People are super friendly and helpful
I will admit that my husband speaks very good conversational Japanese, which pleasantly surprised many people we met, so maybe they were extra helpful to us. But I feel like if I went by myself I would still get lots of help. Besides convenience, I really was surprised by how friendly and outgoing Japanese were. How people would go out of their way to help you. I was not expecting this, maybe Tokyo has given the rest of Japan a bad rap or something, but I always expected Japanese to be closed off and not caring about other people. The truth is the complete opposite. Even when we were being dumb tourists at one point, this man was very accepting of us and patient. An older lady walked us down to where we needed to go. I had so many instances I can name off like that, it truly blew me away.
Most people spoke English
So many people speak very good English. Signs are also in English. Don’t be afraid to ask in English, lol. One thing that does help however it being able to read Japanese if you can, but you really don’t need to speak much. “Sumimasen” goes a long way too.
Umbrella not for rain but for Sun!
We went in mid May, and when the sun is out, omg it is OUT and BRIGHT and HOT. I don’t know if it’s elevation or latitude or what but man! The umbrella I got from a gift shop had a silver underside to it, this is really important! It helps reflect back the sun and believe me, you want to reflect as much as you can. It also compacts down and everything, and I used it everyday except for when we were in the bamboo forest grove, lol. I also downed ice water from the vending machines and ice cream saved me on more than one occasion.
I ate raw squid and it wasn’t half bad
At one point we went out to eat with one of the hostel workers and her fiance. They ordered typical fare they would normally get such as sardine sashimi. One thing I tried was the fermented raw squid. It was about 6 inches long, so not tiny. It was fermented in bean paste and soy sauce I believe, and it was good. I was always pleasantly surprised at how good the food was even when it was very different than what I was used to.
No Hello Kitty store, just Hello Kitty items everywhere
I kept expecting to find a Hello Kitty store, but we never ran into one. However, there were Hello Kitty themed trinkets at each location. They all had a theme akin to that location!
Didn’t need that data plan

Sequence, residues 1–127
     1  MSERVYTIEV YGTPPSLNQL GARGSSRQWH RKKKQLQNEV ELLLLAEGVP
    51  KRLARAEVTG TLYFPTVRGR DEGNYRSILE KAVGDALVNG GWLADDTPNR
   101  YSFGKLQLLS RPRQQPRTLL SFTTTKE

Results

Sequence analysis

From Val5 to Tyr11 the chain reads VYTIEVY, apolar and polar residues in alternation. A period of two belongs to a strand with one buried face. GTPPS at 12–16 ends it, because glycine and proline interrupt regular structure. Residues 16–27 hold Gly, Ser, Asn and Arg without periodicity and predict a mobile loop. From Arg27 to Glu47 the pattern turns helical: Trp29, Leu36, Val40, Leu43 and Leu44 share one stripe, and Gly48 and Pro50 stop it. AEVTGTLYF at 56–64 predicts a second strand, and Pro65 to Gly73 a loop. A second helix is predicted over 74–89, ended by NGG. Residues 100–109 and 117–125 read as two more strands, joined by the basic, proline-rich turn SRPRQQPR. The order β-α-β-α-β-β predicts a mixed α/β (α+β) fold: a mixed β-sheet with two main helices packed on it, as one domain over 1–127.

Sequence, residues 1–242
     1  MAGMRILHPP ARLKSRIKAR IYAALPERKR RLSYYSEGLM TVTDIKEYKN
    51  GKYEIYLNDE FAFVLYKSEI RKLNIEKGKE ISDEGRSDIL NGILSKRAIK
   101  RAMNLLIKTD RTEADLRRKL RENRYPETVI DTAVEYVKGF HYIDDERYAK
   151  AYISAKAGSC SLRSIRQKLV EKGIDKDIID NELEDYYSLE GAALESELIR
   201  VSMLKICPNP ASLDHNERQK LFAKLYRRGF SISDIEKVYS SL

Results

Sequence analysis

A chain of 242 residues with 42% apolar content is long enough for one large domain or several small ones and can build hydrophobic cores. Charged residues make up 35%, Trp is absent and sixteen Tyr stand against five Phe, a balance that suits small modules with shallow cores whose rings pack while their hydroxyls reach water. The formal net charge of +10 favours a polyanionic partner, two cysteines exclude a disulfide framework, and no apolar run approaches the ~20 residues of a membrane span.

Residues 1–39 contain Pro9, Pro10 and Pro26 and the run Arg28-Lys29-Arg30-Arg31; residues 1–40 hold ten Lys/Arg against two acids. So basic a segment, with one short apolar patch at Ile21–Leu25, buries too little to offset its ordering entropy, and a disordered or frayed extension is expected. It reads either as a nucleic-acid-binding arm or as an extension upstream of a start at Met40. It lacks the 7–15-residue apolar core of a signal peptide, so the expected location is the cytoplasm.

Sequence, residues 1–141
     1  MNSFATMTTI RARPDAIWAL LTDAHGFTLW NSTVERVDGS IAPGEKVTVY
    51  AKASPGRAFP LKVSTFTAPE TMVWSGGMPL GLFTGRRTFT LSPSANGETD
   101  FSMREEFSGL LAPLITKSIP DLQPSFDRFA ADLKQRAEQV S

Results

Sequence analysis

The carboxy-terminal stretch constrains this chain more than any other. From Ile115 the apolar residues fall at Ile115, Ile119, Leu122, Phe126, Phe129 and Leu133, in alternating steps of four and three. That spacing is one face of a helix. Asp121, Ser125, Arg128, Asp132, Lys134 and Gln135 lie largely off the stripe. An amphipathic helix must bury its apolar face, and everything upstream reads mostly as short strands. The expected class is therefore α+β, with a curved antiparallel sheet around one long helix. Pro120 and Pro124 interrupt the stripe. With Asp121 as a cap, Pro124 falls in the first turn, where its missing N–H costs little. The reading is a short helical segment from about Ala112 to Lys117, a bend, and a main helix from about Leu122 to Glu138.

Every place we stayed at had free wi-fi or an internet hub to use. So we would do all we needed before leaving-upload pictures off the phone, screen shot maps, look up train schedules, etc. And then we just didn’t use data the rest of the day, plus we were sight seeing anyways and didn’t need it. We did buy an international plan before we left just in case, but never used it, just stayed in airplane mode. We were almost going to use Docomo or another service, but there really was no need if you’re just sight seeing.
Plum Wine and Chuhai!
What did I miss most when we got back? The alcohol of course! I was not a huge fan of sake, but I don’t like much hard alcohol anyways. I loved the Plum Wine, very sweet! What we would have most of all was Chuhai, which were low alcohol soda drinks. Sort of like a wine cooler but more refreshing. So hard to find both of these in the states so far!
Travel bonuses: no tipping, transportation, hostels
Japanese frown upon tipping, it’s like implying they are poor and need extra money. Tipping can be a big expense of a trip, but no need to worry about it there! Transportation was so convenient, fast, and there were so many options. We mostly stayed in hostels and I highly recommend it! They are clean, safe, and the staff are super helpful and friendly. They are usually located in a good part of town as well.
I had a great trip in Japan. I kept remarking how I couldn’t believe how well everything was going. The temples are beautiful, the people are nice, the food is great. It’s foreign enough to be interesting but also westernized enough to be comfortable and accessible, you don’t feel like you’re in a third world country, but at the same time it’s very different. It’s so easy to travel there and I would go back for sure!